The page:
The before and after are as important as the middle. Know the art of warming up and cooling down correctly to avoid injury

    Warming up before a run, whether it a half hour session or a half marathon, is crucial to avoid injury and sore muscles. Warming up ensures that your muscles get blood flowing through them, your heart rate ups, and you are placed in the right mental and physical state to train. Warming up is far more effective than cooling down in preventing muscle soreness the next day. 
    Do not start running right away — you will risk pulling your muscles. Allocate time as follows: Warm up for 5 minutes, perform dynamic stretches for 10 minutes, begin your training session running leisurely for the first 5 minutes, then cool down, and follow it up with a few minutes of stationary stretches. 
First, slow walk for a few minutes before you ease into a brisk walk, and follow it up with light jogging. Do this for about five minutes. Once your muscles are warmed up, start with stretches. 

The most important benefit of cooling down is to allow your circulatory system to return to normal. In other words, it prevents blood from pooling in your legs and causing dizziness or light-headedness from decreased blood flow to your brain. Cooling down is best accomplished by jogging at a slow pace, and moving into a brisk walk till you are breathing normally. Once your 
breathing pattern is normal, end your session with stretches for your calves, hamstrings, quads, glutes, hip flexors. Finish it off with side stretches. The key to correct stretching is to hold a stretch for 15-30 seconds and repeat it several times. As far as easing muscle soreness goes, research has proved that performing easy low-impact aerobic exercises is more effective than stretches.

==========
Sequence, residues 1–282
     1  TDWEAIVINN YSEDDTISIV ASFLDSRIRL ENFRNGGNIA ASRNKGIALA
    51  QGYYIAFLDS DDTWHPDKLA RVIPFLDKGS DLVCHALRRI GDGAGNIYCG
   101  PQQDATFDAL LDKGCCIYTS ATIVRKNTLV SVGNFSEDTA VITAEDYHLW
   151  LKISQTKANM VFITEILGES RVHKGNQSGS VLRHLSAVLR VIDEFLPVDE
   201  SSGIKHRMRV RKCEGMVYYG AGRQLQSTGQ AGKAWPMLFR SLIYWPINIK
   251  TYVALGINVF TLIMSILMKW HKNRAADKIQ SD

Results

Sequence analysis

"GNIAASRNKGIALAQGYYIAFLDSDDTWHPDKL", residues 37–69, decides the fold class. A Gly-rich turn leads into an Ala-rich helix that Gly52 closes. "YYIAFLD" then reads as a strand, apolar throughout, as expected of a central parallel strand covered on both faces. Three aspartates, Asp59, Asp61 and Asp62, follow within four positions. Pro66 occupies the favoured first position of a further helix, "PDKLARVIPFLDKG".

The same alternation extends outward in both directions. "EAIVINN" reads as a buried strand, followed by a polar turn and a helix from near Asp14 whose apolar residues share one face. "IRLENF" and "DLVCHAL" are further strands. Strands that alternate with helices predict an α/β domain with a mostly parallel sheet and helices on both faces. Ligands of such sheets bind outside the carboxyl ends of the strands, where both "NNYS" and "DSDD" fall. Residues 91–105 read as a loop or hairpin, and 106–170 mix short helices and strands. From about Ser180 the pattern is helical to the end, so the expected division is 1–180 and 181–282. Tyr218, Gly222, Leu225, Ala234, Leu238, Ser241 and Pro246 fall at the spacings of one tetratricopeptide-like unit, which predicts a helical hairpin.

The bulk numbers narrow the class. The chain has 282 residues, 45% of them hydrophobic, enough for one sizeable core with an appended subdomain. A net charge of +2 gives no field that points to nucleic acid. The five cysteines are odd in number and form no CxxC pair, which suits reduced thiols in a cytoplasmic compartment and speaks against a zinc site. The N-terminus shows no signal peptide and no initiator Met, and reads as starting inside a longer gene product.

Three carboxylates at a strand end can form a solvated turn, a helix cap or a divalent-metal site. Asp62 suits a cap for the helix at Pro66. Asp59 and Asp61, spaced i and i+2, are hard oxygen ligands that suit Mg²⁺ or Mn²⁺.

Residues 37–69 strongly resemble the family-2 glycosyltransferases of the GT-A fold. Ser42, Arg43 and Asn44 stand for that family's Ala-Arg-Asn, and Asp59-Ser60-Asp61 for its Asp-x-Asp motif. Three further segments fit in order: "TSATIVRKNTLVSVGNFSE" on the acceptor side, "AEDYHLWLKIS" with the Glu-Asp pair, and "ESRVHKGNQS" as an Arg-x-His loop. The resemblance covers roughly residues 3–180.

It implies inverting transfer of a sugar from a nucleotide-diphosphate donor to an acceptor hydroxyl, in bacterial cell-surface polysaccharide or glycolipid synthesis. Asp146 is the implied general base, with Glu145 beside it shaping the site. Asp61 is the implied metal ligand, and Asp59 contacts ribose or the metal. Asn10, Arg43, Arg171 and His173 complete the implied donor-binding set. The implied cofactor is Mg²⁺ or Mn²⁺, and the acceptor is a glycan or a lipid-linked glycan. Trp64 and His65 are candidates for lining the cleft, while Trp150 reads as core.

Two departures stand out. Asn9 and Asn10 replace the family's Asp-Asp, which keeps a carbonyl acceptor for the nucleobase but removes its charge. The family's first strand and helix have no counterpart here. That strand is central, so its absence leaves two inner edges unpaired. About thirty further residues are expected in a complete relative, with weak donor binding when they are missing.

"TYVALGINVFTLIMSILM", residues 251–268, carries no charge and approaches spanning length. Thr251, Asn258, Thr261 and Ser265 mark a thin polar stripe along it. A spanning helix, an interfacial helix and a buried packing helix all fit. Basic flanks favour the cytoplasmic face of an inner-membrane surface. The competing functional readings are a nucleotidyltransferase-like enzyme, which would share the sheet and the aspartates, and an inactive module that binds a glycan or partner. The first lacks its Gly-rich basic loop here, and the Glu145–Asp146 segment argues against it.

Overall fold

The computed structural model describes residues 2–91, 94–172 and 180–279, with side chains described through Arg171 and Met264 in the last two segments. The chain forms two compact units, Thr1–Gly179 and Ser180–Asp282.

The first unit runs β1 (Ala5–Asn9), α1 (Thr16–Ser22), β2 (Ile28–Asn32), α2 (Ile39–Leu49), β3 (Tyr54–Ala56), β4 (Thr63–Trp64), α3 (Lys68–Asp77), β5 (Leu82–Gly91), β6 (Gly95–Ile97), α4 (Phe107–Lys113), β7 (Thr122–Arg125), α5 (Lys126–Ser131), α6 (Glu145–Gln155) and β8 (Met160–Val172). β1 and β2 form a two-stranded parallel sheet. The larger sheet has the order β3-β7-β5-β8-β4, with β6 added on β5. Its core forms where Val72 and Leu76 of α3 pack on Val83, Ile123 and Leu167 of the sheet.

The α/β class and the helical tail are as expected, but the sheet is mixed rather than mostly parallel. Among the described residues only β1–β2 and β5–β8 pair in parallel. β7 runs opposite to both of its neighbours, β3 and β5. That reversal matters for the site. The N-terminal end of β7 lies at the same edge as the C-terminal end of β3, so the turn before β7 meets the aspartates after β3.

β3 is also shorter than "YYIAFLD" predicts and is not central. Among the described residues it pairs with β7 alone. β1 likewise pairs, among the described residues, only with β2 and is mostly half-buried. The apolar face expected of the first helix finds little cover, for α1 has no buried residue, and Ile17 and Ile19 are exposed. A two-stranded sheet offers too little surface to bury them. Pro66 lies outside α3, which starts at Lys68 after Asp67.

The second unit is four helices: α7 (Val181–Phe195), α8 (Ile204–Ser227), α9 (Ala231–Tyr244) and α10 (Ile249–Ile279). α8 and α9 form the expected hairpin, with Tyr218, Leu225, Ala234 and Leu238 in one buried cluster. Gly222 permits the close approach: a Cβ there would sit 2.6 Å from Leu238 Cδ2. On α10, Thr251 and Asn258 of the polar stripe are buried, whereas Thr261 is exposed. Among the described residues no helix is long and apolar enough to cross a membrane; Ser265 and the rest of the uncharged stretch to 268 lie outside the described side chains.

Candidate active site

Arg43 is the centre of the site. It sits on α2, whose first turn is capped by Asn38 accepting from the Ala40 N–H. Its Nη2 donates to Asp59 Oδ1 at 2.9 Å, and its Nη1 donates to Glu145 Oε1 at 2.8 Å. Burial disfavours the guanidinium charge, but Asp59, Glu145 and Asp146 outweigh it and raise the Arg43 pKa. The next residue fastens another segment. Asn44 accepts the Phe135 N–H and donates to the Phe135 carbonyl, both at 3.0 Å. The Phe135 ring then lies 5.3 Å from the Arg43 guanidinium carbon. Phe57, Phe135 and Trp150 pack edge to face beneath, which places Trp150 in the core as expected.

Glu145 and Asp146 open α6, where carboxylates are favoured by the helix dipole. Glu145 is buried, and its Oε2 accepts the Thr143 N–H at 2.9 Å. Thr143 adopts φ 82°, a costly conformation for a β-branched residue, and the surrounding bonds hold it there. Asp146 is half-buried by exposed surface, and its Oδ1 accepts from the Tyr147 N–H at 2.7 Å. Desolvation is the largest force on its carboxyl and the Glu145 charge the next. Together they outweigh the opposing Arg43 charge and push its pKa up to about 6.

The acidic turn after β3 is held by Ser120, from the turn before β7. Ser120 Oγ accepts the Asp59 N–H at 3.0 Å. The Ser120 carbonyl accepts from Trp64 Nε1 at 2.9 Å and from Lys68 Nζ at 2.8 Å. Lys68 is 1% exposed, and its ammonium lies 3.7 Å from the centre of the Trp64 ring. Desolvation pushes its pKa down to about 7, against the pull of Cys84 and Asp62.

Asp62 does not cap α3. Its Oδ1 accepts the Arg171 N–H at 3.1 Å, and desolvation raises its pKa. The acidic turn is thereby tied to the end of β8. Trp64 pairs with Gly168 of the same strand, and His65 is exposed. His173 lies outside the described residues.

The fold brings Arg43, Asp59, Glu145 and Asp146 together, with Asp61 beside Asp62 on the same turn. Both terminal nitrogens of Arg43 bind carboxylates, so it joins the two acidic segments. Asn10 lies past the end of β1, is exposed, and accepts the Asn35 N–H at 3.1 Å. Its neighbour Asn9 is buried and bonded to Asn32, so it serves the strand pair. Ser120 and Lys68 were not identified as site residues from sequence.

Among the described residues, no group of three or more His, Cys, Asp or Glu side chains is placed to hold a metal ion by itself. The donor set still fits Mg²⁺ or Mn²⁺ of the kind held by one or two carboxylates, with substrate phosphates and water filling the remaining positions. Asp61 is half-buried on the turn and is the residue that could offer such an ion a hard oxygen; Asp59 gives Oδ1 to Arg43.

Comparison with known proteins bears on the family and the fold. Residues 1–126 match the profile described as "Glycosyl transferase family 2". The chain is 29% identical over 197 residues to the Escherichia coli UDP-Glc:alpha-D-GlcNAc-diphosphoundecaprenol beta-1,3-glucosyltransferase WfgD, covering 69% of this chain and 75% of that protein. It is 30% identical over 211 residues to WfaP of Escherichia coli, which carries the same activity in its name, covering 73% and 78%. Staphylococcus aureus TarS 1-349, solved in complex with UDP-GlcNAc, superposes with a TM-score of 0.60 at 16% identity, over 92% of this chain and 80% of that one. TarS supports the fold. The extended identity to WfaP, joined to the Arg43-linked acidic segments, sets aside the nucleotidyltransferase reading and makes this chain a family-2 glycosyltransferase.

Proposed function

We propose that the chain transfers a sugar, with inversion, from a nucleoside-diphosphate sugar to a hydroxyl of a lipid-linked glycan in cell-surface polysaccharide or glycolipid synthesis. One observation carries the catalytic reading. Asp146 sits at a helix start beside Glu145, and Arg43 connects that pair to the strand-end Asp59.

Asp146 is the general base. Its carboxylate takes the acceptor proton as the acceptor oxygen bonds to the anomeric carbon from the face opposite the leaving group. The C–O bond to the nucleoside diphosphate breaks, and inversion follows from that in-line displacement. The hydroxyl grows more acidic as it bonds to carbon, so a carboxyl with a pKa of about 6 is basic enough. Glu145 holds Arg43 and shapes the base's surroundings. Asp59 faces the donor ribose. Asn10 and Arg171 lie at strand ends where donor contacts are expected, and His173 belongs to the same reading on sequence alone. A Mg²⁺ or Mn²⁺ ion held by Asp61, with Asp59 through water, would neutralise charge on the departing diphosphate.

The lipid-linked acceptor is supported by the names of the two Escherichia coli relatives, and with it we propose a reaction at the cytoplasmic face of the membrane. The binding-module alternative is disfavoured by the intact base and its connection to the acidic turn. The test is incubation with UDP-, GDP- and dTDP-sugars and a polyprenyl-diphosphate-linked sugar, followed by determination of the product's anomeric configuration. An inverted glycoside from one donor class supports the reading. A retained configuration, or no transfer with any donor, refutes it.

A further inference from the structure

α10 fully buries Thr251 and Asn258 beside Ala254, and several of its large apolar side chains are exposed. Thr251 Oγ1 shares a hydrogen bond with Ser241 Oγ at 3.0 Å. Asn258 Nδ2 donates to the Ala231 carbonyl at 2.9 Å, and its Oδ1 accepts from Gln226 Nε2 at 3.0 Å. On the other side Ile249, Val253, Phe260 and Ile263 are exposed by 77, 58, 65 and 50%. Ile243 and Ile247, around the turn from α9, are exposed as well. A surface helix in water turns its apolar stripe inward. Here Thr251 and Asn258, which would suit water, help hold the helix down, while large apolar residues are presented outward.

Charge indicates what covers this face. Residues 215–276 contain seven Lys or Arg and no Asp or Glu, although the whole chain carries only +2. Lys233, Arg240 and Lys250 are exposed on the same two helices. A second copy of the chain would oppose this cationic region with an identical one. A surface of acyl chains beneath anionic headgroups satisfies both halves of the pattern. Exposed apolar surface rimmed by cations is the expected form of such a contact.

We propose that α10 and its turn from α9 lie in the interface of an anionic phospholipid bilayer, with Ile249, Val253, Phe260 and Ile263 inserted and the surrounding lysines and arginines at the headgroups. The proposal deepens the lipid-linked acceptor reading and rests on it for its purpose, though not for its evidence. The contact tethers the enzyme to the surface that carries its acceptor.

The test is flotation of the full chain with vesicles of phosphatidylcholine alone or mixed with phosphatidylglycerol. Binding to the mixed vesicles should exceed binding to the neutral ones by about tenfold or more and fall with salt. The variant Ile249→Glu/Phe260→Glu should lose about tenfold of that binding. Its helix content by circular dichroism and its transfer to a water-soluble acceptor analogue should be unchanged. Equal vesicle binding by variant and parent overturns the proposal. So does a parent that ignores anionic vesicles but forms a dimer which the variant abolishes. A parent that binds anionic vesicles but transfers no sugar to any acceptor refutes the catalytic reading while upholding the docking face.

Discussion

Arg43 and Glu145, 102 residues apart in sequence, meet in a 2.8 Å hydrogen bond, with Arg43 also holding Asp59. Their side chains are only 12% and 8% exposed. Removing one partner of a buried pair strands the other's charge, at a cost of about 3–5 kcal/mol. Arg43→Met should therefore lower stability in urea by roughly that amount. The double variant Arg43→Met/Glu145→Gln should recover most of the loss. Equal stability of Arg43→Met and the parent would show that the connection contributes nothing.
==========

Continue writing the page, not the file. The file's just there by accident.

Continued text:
Recovering after a run is important in preventing injury. When you first set out to run, do not run on consecutive days. You must rest for at least two days in a week. This not only prevents overtraining, but injuries too. It lets the muscle tears heal. You can cross-train on days when you don't run. This can include going to the gym to strengthen your core muscles, using 
a cross-trainer, rower, cycling, swimming and spinning. On your rest days, perform stretches, or build strength with yoga and pilates. 
    As you get fitter, resist the temptation to rapidly speed up and increase your mileage. Instead, aim to increase the time or distance by about 10 per cent on your longest run each week. 

These can be stationary or dynamic. Dynamic stretches involve actively moving at high speed into a particular pose. They have a greater value than stationary stretches which involve holding a muscle in an elongated and fixed position for 30 seconds or so. I'd suggest stationary stretches for cool
ing down. The idea behind stretching is to get your joints and muscles primed for the functional range of motion that will be demanded of them during running. Stretches help quickly loosen stiff and cold muscles, and up body temperature and blood flow. Here are three effective dynamic stretches: 
Performed by standing on one leg and swinging the other leg sideways — away from your body as much as you can — and then swinging it the other way across your body. Hold onto a support if you need to. 

This involves walking with a long stride, keeping the front knee over your toes while lowering your body by bending your rear knee till it almost touches the ground. 

Done while walking. When 
    you swing 
    your leg back, continue the motion so your heels come close to your buttocks. Repeat with the other leg. 

Done while walking forward with your back and knees straight, and lifting your legs straight out in front of you as much as you can; try to touch your toes with the opposite hand.

Way to suppress appetite found Brain Cells Can Help In Diet Control

Washington: Scientists have used genetic engineering to identify a population of neurons that tell the brain to shut off appetite. Researchers have also identified neurons in other brain regions that can stimulate the appetite of mice that are not hungry, paving way for therapies that promote or decrease appetite. 
    To identify these neurons, or cells that process and transmit information in the brain, researchers at the University of Washington first considered what makes an animal lose its appetite. There are a number of natural reasons, including infection, nausea, pain or simply having eaten too much already. 
    Nerves within the gut that are distressed or insulted send information to the brain through the vagus nerve. 

    Appetite is suppressed when these messages activate specific neurons - ones that contain CGRP, (calcitonin gene-related peptide) in a region of the brain called the parabrachial nucleus. In mouse trials, researchers used genetic techniques and viruses to introduce light-activatable proteins into CGRP neurons.